What is Hamas?
Hamas is an offshoot of the Muslim Brotherhood. Founded in 1988, Hamas's name is an acronym for "Islamic Resistance Movement" in Arabic. The word hamas also means "zeal," "enthusiasm" or "fanaticism."
Hamas is one of two parties in power among the Palestinians. The other is Fatah, whose name is also an acronym, with the meaning "conquest."
There are two Palestinian territories: Hamas rules in Gaza, while Fatah rules in the West Bank. Hamas took power in Gaza in 2006 from Fatah after winning a democratic election. At the time a conflict between the two parties broke out, in which hundreds were killed.
Both Fatah and Hamas are radical Islamist movements. At times in the past they have fought each other, but they have also made attempts at rapprochement. Fatah has praised Hamas for the October 7 attacks and has called upon all Palestinians to rise up in solidarity.
What is the Muslim Brotherhood?
The Muslim Brotherhood is an Islamist renewal movement that was founded in Egypt in 1928. Its ultimate goal is to establish a caliphate, an overarching state ruled by Islamic law. The Muslim Brotherhood has a network of supporters in many countries, including the United States and across Europe.
The Brotherhood has had many offshoots, most of which are militant.
The Brotherhood, like many other Islamic revival movements, was founded in opposition to the dominance of the West. These movements all believe that the manifest decline of the Muslim world during the recent centuries of the West's rise is due to poor observance of God's laws by Muslims. Once Muslims obey Islam faithfully, and apply Islamic laws strictly – including pursuing jihad against non-Muslims – then the followers of Islam will become successful and dominate the world once again. This is their utopian goal.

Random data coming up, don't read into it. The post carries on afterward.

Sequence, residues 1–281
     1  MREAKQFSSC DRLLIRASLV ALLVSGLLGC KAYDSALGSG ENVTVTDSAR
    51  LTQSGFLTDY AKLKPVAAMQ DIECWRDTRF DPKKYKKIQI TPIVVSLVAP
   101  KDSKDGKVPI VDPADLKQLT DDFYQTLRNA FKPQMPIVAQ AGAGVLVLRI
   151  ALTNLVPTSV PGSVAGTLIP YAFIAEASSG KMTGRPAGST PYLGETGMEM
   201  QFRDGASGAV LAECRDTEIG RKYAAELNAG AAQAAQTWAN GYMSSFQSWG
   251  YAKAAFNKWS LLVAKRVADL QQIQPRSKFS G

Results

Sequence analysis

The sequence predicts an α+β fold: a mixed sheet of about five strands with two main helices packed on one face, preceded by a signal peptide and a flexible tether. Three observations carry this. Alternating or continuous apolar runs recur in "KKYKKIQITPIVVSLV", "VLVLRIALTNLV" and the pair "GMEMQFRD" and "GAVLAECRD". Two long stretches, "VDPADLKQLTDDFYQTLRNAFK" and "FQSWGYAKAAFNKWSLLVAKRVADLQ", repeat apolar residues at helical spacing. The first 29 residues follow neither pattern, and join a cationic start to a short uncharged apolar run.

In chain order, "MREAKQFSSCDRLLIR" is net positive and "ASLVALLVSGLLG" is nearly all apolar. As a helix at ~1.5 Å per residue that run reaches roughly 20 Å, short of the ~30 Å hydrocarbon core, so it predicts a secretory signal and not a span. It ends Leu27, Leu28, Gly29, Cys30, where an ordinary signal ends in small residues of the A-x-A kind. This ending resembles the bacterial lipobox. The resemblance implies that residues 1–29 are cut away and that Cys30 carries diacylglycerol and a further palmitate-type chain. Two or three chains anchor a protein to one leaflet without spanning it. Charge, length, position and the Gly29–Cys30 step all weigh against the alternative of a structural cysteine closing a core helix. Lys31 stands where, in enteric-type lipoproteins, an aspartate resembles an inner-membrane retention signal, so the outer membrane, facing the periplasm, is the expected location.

For a long time now, Muslim countries have been experiencing many social, economic and political problems and this has played into the Brotherhood's hands. The Brotherhood's response to the widespread socio-economic failure of Islamic nations has been the slogan, "Islam is the solution." Consistent with its beliefs, it has also blamed governments in Arab countries which do not impose strict Islam for the sufferings of Muslims.
What does "Islamist" mean?
Islamist is a term used for a form of Islam which is dedicated to achieving political dominance for the religion. An Islamist movement aims to establish an Islamic state in which the sharia (Islamic law) is the law of the land. This term can be applied to many Islamic revival movements. "Islamist" is often used as a way to avoid calling radical movements "Islamic," which could unfairly tar all Muslims with the radicalism brush.
What is Islam?
Islam is a religion which offers a total way of life, regulating both individuals and nations. It is based and modeled on the teaching and example of Muhammad, an Arab who lived 1400 years ago in Arabia. The sharia is a system of law and principles built upon the foundation of Muhammad and his book, the Qur'an, which he claimed was a direct revelation from God..